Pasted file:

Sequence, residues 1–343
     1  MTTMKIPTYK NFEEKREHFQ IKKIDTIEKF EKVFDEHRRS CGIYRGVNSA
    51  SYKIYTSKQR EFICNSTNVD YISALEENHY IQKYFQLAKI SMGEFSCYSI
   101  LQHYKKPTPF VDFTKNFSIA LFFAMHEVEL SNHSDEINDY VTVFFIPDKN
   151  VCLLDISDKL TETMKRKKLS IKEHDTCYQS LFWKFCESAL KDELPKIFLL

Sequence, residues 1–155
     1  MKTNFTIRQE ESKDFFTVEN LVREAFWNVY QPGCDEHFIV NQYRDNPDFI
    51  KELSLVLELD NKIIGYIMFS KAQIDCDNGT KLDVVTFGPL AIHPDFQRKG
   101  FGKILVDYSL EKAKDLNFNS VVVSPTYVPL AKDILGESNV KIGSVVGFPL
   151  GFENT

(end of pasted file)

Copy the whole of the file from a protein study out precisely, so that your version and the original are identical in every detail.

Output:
Sequence, residues 1–343
     1  MTTMKIPTYK NFEEKREHFQ IKKIDTIEKF EKVFDEHRRS CGIYRGVNSA
    51  SYKIYTSKQR EFICNSTNVD YISALEENHY IQKYFQLAKI SMGEFSCYSI
   101  LQHYKKPTPF VDFTKNFSIA LFFAMHEVEL SNHSDEINDY VTVFFIPDKN
   151  VCLLDISDKL TETMKRKKLS IKEHDTCYQS LFWKFCESAL KDELPKIFLL

Sequence, residues 1–155
     1  MKTNFTIRQE ESKDFFTVEN LVREAFWNVY QPGCDEHFIV NQYRDNPDFI
    51  KELSLVLELD NKIIGYIMFS KAQIDCDNGT KLDVVTFGPL AIHPDFQRKG
   101  FGKILVDYSL EKAKDLNFNS VVVSPTYVPL AKDILGESNV KIGSVVGFPL
   151  GFENT